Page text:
One area where budgets have been clearly snipped is in the control system. Many recent JVC models now use a touchscreen LCD, but the HM30 relies on a set of buttons. These are situated on the side of the device under the fold-out display panel. The buttons are all the same size and shape, and not easy to see when you’re looking at the screen. So this isn’t the easiest set of controls to use.
A button on the top of the camcorder switches between Intelligent Auto and Manual. In intelligent AUTO mode, there’s a face detection option available, which sets focus and exposure according to any faces detected. But otherwise the camcorder attempts to detect conditions and select an appropriate setting. The Gain Up option also lets you choose to increase gain or reduce shutter speed in low light conditions. You can enable a time lapse mode, which will grab a fame every one, two or five seconds.
Although the manual mode does increase the range of options, this doesn’t release a full complement of settings. There are scene modes available, but only two – Nightalive, which increases gain and enables a slower shutter speed, and Spotlight, which reduces the effects of overly bright lighting. You can focus manually, which is particularly fiddly with the HM30’s control system. There’s also a brightness setting with 13 steps from -6 to 6, but no option to alter iris or shutter independently. The White Balance control does give you the option to select fully manual, plus sunny, cloudy and halogen presets, but nothing for fluorescents.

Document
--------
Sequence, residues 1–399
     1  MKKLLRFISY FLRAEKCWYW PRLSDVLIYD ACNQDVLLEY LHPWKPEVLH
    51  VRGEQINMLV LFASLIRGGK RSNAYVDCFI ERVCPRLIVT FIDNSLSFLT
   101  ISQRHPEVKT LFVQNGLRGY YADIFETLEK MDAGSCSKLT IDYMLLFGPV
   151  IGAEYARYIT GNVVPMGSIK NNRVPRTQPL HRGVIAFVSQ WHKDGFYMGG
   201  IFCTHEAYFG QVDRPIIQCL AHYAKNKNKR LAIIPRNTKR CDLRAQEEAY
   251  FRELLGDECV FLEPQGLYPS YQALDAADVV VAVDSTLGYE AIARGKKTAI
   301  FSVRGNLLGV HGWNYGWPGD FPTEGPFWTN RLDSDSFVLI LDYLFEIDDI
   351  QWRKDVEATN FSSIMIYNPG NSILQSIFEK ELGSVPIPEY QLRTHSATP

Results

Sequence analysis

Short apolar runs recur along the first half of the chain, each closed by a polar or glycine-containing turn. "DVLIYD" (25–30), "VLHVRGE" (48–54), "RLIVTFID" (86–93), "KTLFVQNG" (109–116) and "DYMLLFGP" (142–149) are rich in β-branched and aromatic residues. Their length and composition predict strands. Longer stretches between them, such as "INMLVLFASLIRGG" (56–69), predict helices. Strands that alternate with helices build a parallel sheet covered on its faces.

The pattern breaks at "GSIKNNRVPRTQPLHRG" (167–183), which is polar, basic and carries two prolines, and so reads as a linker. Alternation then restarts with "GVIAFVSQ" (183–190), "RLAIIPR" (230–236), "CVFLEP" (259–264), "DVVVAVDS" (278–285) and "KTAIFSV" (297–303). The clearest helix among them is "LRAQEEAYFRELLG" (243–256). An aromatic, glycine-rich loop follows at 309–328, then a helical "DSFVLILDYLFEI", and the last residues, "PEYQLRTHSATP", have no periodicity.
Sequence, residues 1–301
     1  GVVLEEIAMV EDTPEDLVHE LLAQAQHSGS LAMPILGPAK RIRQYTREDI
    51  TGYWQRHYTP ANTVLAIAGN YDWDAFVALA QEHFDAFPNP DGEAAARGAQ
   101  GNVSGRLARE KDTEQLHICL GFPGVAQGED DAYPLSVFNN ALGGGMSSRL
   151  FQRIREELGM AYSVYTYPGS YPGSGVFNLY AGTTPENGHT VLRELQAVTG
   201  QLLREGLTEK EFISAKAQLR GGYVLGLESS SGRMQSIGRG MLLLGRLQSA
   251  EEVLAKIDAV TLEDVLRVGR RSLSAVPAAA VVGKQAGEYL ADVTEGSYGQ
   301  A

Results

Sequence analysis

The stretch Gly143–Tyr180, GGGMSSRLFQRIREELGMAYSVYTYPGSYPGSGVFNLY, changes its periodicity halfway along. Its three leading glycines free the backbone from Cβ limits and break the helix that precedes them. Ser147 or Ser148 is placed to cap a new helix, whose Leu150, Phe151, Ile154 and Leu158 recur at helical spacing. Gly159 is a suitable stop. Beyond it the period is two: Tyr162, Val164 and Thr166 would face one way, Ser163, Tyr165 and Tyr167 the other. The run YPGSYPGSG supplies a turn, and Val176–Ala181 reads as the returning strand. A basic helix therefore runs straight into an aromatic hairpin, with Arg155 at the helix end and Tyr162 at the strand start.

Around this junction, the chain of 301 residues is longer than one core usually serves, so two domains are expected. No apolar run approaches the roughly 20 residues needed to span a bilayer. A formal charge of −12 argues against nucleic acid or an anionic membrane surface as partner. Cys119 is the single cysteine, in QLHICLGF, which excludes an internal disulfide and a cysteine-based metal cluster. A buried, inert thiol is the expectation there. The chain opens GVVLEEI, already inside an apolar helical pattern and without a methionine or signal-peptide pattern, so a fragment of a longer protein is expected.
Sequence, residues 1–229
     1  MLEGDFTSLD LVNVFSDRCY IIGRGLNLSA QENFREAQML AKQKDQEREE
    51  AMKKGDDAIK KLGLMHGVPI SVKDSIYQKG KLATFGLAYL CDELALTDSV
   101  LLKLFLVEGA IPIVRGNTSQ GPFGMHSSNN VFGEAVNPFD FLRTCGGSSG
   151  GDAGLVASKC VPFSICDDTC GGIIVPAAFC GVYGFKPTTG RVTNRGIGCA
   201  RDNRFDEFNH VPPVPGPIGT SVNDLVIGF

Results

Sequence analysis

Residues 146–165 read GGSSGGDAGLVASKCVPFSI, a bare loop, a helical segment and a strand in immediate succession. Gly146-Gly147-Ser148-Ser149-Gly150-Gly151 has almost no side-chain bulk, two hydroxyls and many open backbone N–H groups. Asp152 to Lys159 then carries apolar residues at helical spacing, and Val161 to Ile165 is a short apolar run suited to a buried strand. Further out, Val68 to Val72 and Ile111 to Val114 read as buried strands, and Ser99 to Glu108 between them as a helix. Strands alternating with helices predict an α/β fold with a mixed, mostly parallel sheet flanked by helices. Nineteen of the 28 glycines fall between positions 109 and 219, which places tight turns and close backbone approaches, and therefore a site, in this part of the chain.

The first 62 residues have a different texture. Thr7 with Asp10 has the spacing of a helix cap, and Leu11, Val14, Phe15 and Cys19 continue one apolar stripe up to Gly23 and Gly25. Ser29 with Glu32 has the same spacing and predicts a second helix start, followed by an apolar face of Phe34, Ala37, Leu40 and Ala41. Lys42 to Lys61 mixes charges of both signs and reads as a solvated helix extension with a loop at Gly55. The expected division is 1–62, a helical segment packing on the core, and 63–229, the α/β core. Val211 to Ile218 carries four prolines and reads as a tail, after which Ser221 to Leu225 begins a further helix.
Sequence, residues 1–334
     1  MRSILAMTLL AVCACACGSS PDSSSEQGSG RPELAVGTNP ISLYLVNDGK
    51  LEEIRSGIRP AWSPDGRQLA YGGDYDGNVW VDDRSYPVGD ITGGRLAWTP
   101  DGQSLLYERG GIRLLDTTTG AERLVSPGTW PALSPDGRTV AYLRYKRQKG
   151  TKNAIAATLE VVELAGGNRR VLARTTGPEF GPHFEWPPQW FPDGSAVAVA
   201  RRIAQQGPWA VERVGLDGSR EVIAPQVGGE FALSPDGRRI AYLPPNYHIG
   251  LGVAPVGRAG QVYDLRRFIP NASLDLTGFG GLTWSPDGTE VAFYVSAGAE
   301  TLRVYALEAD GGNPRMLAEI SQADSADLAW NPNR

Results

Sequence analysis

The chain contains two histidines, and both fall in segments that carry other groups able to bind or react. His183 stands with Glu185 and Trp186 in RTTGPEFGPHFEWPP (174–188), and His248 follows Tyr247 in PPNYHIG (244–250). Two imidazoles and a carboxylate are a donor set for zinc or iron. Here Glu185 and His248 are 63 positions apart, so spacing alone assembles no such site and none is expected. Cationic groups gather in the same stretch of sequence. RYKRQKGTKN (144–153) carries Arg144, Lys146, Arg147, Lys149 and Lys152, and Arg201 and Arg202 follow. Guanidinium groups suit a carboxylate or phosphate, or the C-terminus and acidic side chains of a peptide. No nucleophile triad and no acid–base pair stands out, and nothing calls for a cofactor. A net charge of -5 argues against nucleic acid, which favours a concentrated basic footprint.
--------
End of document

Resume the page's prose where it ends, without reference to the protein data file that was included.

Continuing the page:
However, we wish the backlight compensation and tele macro settings weren’t buried in the menu. Although face detection can step in when shooting human subjects against a bright sky, if they’re looking at the camera, it’s always useful to be able to boost exposure where your subjects are being kept in the shadows by an overly luminous background.
Naturally, there are few provisions for the videomaking enthusiast. No accessory shoe is available, and no connections for attaching an external microphone or headphones. There is a mini HDMI port, which as we mentioned earlier will upscale the video to 1080/50p, if your TV supports it. However, the AV port only outputs composite analogue video, plus stereo RCA audio, not S-video or component HD.
In optimal conditions, the HM30 manages a good picture. It’s lacking resolution compared to Full HD alternatives, but colour is still relatively faithful. Contrast is dealt with well, too. Most surprising is the decent performance in low light, with a picture that managed to remain reasonably colourful in our 100W ceiling light test. The white balance system does have some trouble getting colours entirely accurate in mixed lighting conditions, but the image is at least bright and mostly devoid of grain. Overall, picture quality is a cut above pocket Internet camcorders.
JVC’s Everio GZ-HM30SEK is available for under £200, and considerably less than that from some vendors. It’s not a particularly exciting camcorder, but it does offer better image quality than 720p pocket Internet models, and a few more features. So if you’re after a little bit more than a Flip (may it rest in peace…) or its pretenders can offer, the GZ-HM30SEK is a decent-value alternative worth considering.